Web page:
The NationalSecurity Agency (NSA) and the (British) Government Communications Headquarters (GCHQ) have been accused of hacking into servers and SIM cards to obtain access to text messages. “Man in the middle attack” is also a problem, and can occur when using an un-encrypted, wifi-based text messaging service. If an individual hacks into the wifi network, the person can access text messages.
Encryption is therefore increasingly the only way to maintain a sense of privacy, and while it’s traditionally been difficult for non-techies to understand, new high-quality, user-friendly software has become available. Most notably, app developer Open Whisper Systems recently released an updated version of their encryption app Signal for iPhones and Android phones. In the app, entitled Signal 2.0, supported encrypted text messages use a protocol called TextSecure, which allows users to communicate using voice and text knowing nothing will be intercepted over the internet.
The app encrypts data when sending text messages as long as the person receiving the text is also running Signal 2.0. The app is celebrated as offering “peace of mind,” and unlike similar products, it features an open source code for expert inspection. It also supports “forward secrecy,” which prevents hackers from decrypting old messages should they steal encryption keys.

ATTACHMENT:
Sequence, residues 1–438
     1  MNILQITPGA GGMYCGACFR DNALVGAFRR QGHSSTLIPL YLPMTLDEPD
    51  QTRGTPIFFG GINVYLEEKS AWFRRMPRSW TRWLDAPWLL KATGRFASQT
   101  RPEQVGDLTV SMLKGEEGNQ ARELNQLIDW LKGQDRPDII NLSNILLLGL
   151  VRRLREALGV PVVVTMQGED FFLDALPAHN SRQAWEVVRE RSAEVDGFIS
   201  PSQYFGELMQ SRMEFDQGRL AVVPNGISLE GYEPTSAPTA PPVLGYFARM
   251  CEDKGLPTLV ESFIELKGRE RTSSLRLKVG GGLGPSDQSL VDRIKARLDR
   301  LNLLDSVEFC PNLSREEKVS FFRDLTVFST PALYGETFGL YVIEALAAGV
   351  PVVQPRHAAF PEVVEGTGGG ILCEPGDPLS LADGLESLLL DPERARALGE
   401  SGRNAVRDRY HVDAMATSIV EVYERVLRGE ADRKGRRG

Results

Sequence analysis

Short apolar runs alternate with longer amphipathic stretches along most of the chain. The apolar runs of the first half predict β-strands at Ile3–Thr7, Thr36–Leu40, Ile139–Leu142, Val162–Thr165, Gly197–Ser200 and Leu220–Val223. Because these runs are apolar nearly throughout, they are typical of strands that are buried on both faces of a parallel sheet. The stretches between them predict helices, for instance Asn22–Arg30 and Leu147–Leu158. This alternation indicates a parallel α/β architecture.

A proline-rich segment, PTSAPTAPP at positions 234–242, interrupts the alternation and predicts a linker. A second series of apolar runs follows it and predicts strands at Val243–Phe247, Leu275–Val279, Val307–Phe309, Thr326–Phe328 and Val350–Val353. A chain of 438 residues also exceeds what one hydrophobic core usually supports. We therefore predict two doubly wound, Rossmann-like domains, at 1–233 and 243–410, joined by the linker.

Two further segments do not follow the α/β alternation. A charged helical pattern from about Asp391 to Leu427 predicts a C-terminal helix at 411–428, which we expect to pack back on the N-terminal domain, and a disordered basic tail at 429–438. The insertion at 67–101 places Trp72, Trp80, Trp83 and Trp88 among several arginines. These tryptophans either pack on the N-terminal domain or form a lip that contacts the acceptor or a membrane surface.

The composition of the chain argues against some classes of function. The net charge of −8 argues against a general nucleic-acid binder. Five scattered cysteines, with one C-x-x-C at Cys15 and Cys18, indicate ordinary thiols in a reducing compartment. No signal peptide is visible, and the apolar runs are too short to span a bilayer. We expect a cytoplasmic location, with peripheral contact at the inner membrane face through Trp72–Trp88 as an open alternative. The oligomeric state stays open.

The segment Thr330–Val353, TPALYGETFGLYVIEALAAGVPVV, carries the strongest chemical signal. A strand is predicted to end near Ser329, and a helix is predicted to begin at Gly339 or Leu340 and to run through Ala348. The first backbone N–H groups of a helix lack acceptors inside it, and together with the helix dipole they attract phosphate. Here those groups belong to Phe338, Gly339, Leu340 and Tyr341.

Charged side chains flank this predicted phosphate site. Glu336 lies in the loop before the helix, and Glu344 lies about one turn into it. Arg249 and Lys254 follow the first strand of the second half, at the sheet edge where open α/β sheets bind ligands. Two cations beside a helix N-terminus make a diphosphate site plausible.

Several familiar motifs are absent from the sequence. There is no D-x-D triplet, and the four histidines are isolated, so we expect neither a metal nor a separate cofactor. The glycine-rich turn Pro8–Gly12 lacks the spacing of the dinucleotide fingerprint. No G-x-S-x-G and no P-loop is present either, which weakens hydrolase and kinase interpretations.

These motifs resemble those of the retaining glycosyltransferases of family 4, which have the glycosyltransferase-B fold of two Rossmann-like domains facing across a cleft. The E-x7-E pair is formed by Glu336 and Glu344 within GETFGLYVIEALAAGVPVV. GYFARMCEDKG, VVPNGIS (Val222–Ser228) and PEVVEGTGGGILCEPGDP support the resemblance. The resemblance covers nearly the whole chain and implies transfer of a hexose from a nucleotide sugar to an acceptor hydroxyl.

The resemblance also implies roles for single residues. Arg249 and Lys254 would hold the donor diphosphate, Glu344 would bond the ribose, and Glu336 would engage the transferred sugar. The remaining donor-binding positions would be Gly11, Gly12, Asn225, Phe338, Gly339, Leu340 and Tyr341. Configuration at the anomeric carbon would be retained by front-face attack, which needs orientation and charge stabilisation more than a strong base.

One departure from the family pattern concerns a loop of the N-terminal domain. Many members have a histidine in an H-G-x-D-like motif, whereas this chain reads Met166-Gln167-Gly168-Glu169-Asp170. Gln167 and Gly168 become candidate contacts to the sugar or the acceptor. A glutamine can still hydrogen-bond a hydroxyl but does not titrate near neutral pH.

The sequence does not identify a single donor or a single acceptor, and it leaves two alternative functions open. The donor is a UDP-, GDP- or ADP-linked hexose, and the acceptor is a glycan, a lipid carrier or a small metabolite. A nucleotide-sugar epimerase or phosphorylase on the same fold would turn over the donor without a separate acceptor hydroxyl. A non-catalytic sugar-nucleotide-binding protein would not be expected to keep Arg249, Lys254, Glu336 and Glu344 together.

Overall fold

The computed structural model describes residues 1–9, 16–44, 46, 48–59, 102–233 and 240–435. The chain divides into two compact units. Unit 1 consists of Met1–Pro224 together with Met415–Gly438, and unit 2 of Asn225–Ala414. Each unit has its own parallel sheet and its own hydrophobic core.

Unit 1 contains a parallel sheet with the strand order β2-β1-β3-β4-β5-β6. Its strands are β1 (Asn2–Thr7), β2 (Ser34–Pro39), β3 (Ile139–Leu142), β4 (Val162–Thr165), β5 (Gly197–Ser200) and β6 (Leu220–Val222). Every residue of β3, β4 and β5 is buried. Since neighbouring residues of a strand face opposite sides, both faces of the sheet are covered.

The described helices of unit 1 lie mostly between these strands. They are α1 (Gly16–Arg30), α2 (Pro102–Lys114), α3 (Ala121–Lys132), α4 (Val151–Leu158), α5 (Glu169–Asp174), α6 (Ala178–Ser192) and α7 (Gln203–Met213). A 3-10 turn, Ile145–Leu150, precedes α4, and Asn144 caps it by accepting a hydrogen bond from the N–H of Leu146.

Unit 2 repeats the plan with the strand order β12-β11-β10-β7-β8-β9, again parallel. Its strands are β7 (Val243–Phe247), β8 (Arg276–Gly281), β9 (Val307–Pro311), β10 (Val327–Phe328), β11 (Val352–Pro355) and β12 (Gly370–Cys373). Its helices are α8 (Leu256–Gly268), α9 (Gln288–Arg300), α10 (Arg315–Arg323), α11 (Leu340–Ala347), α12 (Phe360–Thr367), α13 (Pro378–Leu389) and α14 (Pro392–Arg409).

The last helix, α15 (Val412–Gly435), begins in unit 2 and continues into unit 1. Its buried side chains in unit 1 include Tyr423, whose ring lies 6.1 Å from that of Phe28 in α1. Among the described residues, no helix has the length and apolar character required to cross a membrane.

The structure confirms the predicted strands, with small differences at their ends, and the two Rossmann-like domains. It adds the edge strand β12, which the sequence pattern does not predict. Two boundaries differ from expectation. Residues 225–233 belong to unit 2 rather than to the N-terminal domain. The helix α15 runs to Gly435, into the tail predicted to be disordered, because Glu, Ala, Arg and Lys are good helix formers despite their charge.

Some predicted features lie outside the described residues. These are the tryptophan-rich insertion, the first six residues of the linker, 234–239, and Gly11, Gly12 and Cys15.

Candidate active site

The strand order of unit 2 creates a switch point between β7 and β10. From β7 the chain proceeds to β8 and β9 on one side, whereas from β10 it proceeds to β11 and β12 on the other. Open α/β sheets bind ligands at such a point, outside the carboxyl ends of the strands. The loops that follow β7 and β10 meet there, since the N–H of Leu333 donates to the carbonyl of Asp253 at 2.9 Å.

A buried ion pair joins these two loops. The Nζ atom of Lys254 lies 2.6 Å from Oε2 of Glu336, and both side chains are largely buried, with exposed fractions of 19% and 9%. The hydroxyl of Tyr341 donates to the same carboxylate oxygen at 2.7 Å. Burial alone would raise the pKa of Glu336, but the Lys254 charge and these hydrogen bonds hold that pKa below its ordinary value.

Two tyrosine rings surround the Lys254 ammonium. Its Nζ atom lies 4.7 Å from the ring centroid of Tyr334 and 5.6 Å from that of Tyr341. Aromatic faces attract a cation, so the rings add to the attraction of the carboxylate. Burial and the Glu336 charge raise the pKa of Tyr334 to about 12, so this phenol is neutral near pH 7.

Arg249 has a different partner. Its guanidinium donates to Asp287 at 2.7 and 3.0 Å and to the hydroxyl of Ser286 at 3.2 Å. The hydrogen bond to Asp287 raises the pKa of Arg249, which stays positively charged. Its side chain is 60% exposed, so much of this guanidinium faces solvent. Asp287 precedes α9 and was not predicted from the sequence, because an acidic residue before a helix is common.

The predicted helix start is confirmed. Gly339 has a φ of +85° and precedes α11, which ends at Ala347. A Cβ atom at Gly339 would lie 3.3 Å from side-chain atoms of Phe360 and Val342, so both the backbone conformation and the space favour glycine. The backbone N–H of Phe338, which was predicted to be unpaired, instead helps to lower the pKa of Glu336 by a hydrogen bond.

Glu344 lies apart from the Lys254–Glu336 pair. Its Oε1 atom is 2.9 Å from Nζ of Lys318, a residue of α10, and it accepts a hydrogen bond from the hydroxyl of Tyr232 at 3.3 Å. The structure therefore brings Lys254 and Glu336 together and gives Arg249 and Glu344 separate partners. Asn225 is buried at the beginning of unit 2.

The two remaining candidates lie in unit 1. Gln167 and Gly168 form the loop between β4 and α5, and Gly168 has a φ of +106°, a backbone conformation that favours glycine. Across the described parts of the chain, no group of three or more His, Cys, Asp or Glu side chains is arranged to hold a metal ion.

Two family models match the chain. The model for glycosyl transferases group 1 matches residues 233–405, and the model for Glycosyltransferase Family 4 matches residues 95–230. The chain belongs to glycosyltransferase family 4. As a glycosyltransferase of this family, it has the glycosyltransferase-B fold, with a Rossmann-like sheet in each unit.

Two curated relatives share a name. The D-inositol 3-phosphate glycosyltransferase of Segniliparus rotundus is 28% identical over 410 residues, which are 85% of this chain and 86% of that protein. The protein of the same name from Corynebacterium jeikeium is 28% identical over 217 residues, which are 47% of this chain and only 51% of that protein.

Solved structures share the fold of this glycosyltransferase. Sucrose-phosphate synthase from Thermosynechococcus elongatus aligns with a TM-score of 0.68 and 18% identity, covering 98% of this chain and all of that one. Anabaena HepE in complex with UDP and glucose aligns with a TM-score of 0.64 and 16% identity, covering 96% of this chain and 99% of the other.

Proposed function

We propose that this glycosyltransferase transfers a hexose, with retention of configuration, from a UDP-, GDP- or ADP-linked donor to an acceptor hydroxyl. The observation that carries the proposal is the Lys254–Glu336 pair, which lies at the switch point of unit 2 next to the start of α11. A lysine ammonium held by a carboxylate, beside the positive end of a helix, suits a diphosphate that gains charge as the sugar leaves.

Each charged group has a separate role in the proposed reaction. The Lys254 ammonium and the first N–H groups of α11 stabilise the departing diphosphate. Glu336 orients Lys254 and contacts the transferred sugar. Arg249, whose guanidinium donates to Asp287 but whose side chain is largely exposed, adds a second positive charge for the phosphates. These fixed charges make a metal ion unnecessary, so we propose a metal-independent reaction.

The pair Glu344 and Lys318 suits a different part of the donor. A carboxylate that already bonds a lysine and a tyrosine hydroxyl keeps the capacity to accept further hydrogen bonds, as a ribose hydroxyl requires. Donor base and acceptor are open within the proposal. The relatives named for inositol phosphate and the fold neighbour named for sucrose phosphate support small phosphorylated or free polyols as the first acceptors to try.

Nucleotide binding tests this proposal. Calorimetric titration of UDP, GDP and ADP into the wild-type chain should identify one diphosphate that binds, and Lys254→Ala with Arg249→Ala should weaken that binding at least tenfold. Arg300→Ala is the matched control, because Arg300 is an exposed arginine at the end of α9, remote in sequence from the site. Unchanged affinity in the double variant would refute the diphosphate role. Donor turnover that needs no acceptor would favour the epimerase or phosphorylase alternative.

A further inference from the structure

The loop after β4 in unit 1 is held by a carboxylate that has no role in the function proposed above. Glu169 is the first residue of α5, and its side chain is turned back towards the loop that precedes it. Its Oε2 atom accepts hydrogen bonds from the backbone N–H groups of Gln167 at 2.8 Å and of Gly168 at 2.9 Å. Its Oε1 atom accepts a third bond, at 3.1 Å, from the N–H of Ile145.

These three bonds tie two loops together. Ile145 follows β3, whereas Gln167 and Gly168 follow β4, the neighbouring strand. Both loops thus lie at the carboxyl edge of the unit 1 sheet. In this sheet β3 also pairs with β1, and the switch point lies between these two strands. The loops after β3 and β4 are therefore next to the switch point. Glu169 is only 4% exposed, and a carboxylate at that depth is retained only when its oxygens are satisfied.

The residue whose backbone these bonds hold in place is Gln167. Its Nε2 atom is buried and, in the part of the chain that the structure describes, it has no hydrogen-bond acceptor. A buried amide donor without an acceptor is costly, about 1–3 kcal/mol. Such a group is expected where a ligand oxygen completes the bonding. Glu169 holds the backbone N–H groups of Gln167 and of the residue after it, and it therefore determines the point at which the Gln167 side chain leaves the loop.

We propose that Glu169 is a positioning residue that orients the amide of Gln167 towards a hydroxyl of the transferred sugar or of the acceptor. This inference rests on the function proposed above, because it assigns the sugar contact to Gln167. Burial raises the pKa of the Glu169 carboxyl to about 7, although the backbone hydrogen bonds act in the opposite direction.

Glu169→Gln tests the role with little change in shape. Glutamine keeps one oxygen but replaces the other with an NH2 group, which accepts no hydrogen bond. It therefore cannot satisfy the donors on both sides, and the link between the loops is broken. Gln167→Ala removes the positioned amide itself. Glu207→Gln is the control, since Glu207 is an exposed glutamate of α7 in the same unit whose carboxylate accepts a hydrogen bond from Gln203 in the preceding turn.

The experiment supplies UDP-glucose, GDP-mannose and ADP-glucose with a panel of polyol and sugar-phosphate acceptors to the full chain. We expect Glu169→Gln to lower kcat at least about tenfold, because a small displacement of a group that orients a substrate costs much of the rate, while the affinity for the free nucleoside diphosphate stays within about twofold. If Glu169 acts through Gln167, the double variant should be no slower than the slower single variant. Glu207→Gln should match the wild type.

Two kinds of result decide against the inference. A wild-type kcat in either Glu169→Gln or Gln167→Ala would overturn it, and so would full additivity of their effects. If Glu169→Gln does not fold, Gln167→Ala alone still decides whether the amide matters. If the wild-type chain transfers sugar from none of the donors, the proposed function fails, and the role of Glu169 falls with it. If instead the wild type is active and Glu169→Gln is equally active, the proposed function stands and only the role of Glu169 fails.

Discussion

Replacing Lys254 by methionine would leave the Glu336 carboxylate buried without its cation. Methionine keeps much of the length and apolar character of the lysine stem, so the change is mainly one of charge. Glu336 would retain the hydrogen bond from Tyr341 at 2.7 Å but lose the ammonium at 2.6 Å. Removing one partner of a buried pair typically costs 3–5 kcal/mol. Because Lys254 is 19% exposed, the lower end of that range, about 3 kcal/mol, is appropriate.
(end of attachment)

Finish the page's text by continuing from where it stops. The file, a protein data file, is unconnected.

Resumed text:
Signal 2.0 offers extra security for iPhone users, as it’s the “one place” where all their communications are always fully encrypted. Other apps, such as Apple’s iMessage, may utilize strong encryption tactics, but only when there’s a proper data connection between two Apple devices. When this is not the case, the app reverts to insecure SMS messaging. The app doesn’t feature forward secrecy or an inspectable source code, either.
Another Signal 2.0 advantage? It allows “power users” to verify whom they’re communicating with, which provides confirmation that the encryption isn’t being hacked. Using iMessage means “taking Apple’s word for it.”
Open Whisper Systems and its founder Moxie Marlinspike are enjoying growing reputations for blending reliable encryption with the convenience of mobile. The company also recently partnered with the makers of WhatsApp to add encryption to the messaging product.
“We want to make private communication simple,” says Marlinspike, who designed the encryption protocols behind his company’s apps. “Our objective is to do new cryptographic research and development that advances the state of the art while simultaneously making it frictionless and accessible for anyone.”
The app is currently split into two options for Android users--TextSecure for private messaging and RedPhone for private calls. “We’re working towards a single unified Signal app for Android, iPhone and the desktop,” says Marlinspike.
Encryption tools are only as good as the devices they’re installed on, but Signal 2.0 is still paving the way to make spying on billions of people nearly impossible.